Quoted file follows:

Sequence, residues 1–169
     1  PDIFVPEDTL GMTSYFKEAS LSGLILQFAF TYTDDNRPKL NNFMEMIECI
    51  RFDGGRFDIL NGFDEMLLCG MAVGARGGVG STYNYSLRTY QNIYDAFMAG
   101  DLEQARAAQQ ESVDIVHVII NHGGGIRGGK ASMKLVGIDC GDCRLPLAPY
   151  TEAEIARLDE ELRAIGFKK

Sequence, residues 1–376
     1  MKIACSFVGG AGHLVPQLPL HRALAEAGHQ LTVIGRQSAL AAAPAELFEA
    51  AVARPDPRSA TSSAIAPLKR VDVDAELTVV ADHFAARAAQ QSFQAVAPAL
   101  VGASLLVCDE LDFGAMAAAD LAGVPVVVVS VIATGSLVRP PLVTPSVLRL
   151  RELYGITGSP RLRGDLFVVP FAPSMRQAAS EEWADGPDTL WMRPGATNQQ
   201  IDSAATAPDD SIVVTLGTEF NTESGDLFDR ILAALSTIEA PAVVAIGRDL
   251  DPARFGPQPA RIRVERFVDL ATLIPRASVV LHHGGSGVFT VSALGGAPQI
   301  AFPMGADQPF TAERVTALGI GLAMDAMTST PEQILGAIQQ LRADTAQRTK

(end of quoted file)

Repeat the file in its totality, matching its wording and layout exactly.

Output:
Sequence, residues 1–169
     1  PDIFVPEDTL GMTSYFKEAS LSGLILQFAF TYTDDNRPKL NNFMEMIECI
    51  RFDGGRFDIL NGFDEMLLCG MAVGARGGVG STYNYSLRTY QNIYDAFMAG
   101  DLEQARAAQQ ESVDIVHVII NHGGGIRGGK ASMKLVGIDC GDCRLPLAPY
   151  TEAEIARLDE ELRAIGFKK

Sequence, residues 1–376
     1  MKIACSFVGG AGHLVPQLPL HRALAEAGHQ LTVIGRQSAL AAAPAELFEA
    51  AVARPDPRSA TSSAIAPLKR VDVDAELTVV ADHFAARAAQ QSFQAVAPAL
   101  VGASLLVCDE LDFGAMAAAD LAGVPVVVVS VIATGSLVRP PLVTPSVLRL
   151  RELYGITGSP RLRGDLFVVP FAPSMRQAAS EEWADGPDTL WMRPGATNQQ
   201  IDSAATAPDD SIVVTLGTEF NTESGDLFDR ILAALSTIEA PAVVAIGRDL
   251  DPARFGPQPA RIRVERFVDL ATLIPRASVV LHHGGSGVFT VSALGGAPQI
   301  AFPMGADQPF TAERVTALGI GLAMDAMTST PEQILGAIQQ LRADTAQRTK